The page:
Carburetor Manifold

Discussion in 'Frame Mounted Engines' started by motor puzzle, Sep 11, 2007.

  1. motor puzzle

    motor puzzle Guest


    I finally got my engine in but the carburator won't fit because it hits the frame of the bike. (See picture below). My plan is to angle/twist the carburator manifold a few dedrees away from the frame. Not sure exactly how to go about this, but have a couple of ideas.

    I) I will mount the manifold to a sturdy surface. With a propane torch heat up the manifold around the bend. I found another piece of tube that fits in perfectly over the end of the manifold (the end that attaches to the carb) to use as a tool in bending it (leverage). After heating up the manifold, I would slide this tube in over the end of the manifold to apply pressure in the direction I want it to bend. I only have to bend/twist the manifold about a quarter of an inch or less. If the bending does not happen easily, I will not force it because I don't want to destroy the manifold.

    2) Use copper pipes and solder. I have a piece of copper pipe that would slide nicely into the end of the manifold and a 45 degree angle that would put the carb out of the way. Maybe too much heat for solder?

    I appreciate any suggestions/comments.


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    Last edited by a moderator: Sep 11, 2007

  2. azbill

    azbill Active Member

    the engine produces too much heat for solder (it will melt) could braze the copper if necessary
    is your manifold chrome or silver ?
    chrome are steel and should be bendable with heat
    silver are cast and won't be bendable
  3. motor puzzle

    motor puzzle Guest

    Thanks Bill. It's the silver. :(

    Does anyone know where to find one of the chrome (steel) manifolds?

    Would it be possible to braze the cast aluminum manifold and copper pipe together? Does it depend on the filler metal. I found the below:

    It is difficult to braze or weld aluminum to copper, because of the low melting temperature (1018 F) of the aluminum-copper eutectic and its extreme brittleness. By heating and cooling rapidly, however, reasonably ductile joints are made for applications such as copper inserts in aluminum castings. The usual filler metals and fluxes for brazing aluminum to aluminum can be used, or the silver alloy filler metals BAg-1 and BAg-la can be used if heating and cooling are rapid (to minimize diffusion). Pretinning the copper surfaces with solder or silver alloy filler metal improves wetting and permits shorter time at brazing temperature. A more practical way to braze aluminum to copper is to braze one end of a short length of aluminum-coated steel tube to the aluminum, and then silver braze the other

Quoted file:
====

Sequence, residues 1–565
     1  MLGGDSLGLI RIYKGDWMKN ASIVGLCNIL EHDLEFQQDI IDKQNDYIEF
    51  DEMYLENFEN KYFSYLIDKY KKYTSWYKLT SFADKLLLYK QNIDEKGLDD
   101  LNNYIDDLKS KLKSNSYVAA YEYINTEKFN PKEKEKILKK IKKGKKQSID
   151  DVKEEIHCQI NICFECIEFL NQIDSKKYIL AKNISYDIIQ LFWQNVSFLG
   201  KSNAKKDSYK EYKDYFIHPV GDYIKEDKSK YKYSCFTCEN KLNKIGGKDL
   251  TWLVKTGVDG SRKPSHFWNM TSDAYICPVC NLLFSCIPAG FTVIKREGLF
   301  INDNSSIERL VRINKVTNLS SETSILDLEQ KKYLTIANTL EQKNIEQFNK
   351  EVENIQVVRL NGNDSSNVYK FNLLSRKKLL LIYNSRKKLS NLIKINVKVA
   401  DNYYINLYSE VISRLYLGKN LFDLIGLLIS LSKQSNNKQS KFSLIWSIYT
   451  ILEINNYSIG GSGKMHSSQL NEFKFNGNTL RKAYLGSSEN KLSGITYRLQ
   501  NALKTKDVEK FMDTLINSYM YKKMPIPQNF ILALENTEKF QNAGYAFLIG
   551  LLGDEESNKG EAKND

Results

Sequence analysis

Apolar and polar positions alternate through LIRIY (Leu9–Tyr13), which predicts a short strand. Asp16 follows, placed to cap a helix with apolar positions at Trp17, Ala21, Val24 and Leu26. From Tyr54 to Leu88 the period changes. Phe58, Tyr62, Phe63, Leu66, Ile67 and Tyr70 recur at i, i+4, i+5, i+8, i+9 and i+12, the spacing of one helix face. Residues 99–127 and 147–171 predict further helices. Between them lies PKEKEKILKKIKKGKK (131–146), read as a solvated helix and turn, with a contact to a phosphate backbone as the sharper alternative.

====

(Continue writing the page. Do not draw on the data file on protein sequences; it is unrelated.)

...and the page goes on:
4. drimpact

    drimpact Member

  5. motor puzzle

    motor puzzle Guest

    Thanks. Lots of goodies there.....
  6. gauge

    gauge Guest

    i say bend it out words on the side of ure choice
  7. Would cutting the manifold mess it up in any way if it gives the carby enough room to work?
  8. srdavo

    srdavo Active Member

    from your pic, it looks like your engine could slide forward enough to allow room for your carb. is your mounting bracket attached by U-bolts?

    when you start bending intake tubes, you could create less air flow.
  9. motor puzzle

    motor puzzle Guest

    Steel manifod: bent

    Large Filipino, no matter how I cut it, it wouldn't have worked.

    SRDAVO, if I were to push the engine forward it would have to be about 4 or 5 inches. Since I was using a u bolt, I would've had to use really long screws to get the engine to move up that distance and I was concerned that there would be too much play or too much a chance of things bending do to torque (Please see my thread on General discussion:My Spoiler Project). Plus, I tried pedaling with the engine pushed up a few inches and it was not as comfortable. I just needed to bend the manifold just a bit so I'm hoping that it doesn't cause too many airflow problems.

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  10. Donny G

    Donny G Guest

    My intake manifold was hand fabricated from scratch (so was the rest of the project) it took about 45 minutes

    I used a pair of handlebars from an old schwinn varsity
    the flanges were free hand drawn and cut out of 3/16" plate on a metal cutting band saw welds are TIG

    on a side note like metals are used to build manifolds either aluminum or steel
    I can't imagine using copper or brass, or trying to weld different materials together my advice is get some tubing (old handlebars work well!)

    here's a pic note the updraft cement mixer carb

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    Last edited by a moderator: Sep 27, 2007